When the Jesus Prayer confronts us
WHEN THE JESUS PRAYER CONFRONTS GROWLS
DURING AN AFTERNOON WALK
As I was out for my daily power walk at sunset, I decided to listen to a YouTube channel of the Jesus Prayer repeated 1,000 times in a whispering voice. The soothing prayer gave me a sense of deep peace and connectedness with God. I highly recommend this ascetic practice if you are walking alone or doing something that doesn’t compromise your physical safety.
Well, since this was the first (rather, second) time I walked with the Lord reciting and hearing the Jesus Prayer, it was also the first time that the devil made his displeasure quite known. A middle-aged man walking right behind me angrily yelled out at me (since I was wearing earbuds), “On your right!! Get the f**k out of the way!!” I could have almost heard a growl as he passed me and kept walking, avoiding eye contact. My volume was adjusted so I heard everything. And then, about a minute or so after passing me, it seemed like he just disappeared from my line of vision.
Was I shaken up? Very, very little to hardly at all. I kept reciting the Jesus Prayer in a soft but audible voice. I felt a deep sense of serenity inside of me and simultaneously sadness for this man. He was either perturbed about something else in his life (perhaps a sickness or trial he was going through) or he was emotionally unstable. I am sure I was not the root cause of his anger. My mind even entertained the thought of the demons whose fury at those close to God or seeking to become closer to Him is the very cause of their voluntary suffering. For a brief moment, I felt pity for them (more so for the man than for them) but then refocused on Christ.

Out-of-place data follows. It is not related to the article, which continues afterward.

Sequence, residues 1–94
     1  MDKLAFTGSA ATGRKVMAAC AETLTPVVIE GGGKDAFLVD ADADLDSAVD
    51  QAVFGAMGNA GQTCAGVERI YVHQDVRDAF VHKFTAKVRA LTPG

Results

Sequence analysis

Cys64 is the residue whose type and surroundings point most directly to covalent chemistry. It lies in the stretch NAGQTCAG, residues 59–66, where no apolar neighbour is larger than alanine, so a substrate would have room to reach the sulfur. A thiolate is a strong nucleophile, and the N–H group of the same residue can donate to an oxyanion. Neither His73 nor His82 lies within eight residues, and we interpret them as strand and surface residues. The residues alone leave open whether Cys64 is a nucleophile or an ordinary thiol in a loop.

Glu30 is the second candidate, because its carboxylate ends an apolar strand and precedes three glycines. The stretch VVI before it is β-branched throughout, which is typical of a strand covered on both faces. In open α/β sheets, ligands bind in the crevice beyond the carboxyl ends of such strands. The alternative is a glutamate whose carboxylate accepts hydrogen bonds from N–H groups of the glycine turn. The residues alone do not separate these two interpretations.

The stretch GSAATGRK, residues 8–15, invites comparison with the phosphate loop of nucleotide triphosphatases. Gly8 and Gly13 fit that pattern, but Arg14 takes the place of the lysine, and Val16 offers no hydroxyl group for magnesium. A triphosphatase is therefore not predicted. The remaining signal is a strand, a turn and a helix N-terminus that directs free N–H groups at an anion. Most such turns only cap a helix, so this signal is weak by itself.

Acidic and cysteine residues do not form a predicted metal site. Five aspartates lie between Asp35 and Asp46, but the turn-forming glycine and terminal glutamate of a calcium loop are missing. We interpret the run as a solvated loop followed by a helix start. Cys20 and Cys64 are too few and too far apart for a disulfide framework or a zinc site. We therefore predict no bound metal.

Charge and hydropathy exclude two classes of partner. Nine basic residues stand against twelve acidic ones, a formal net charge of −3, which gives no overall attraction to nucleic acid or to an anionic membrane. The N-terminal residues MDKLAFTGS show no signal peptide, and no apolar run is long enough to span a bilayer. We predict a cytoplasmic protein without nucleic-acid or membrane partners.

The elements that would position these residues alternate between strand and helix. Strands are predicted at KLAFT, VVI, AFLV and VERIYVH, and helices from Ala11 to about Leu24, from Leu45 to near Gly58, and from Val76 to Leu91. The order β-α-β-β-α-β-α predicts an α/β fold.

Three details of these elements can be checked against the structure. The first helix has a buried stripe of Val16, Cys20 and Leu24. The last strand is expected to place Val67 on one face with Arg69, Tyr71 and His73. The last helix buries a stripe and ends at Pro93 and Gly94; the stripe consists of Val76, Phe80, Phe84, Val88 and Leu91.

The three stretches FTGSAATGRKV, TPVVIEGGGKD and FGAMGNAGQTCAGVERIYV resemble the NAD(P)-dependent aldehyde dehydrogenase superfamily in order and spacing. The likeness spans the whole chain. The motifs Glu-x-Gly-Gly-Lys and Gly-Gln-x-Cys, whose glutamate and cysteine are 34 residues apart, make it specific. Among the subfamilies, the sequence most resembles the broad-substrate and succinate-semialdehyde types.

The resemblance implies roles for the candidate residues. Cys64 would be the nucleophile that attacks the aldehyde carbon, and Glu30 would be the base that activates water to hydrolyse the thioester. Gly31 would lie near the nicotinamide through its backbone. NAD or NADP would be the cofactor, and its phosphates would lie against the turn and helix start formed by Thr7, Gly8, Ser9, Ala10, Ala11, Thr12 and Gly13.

Whether this was a man violently affected by demonic influence or not, I made the priestly gesture of blessing with my gloved hand (see photo) and dedicated the rest of the Jesus Prayer to him. Never before in my life have I ever felt such calmness, lack of fear, and pity all rolled up into one. St. Paul was so insightful in telling the Christians of Corinth that “we do not wrestle against flesh and blood, but against principalities, against powers, against the rulers of the darkness of this age, against spiritual hosts of wickedness in the heavenly places” (Ephesians 6:12).
As easy as it is to find blame with others and think convincingly that they are always at fault and deserving of our judgment and retaliation, we must think again. Sin, like the Covid-19 virus, does not discriminate. When our defenses are down, any one of us, at any given place or time, may be susceptible to evil and take down each other. In our manic fury, in which we imitate the demonic image and likeness, our inner stillness can vanish in less than a nanosecond and our worlds can easily be turned upside down. The Jesus Prayer can allow us to preserve not only our inner peace but can help us attain a sort of divine vision of what is really going on in a dilemma, which can help us make prudent choices and embrace a suffering world within our heart.
Clearly what happened to me today was NOT coincidental. Bad-natured individuals require our blessing and prayers; the demons require our complete ignorance and disdain of their ways. And we require nothing more than to focus on the Name that is above every name (cf. Philippians 2:9).
About the author
Father Doctor Stel Muksuris is a Greek Orthodox priest. He currently serves as the Chairperson in the Department of Liturgy & Professor of Liturgy and Theology at Byzantine Catholic Seminary of SS. Cyril and Methodius, Pittsburgh, PA.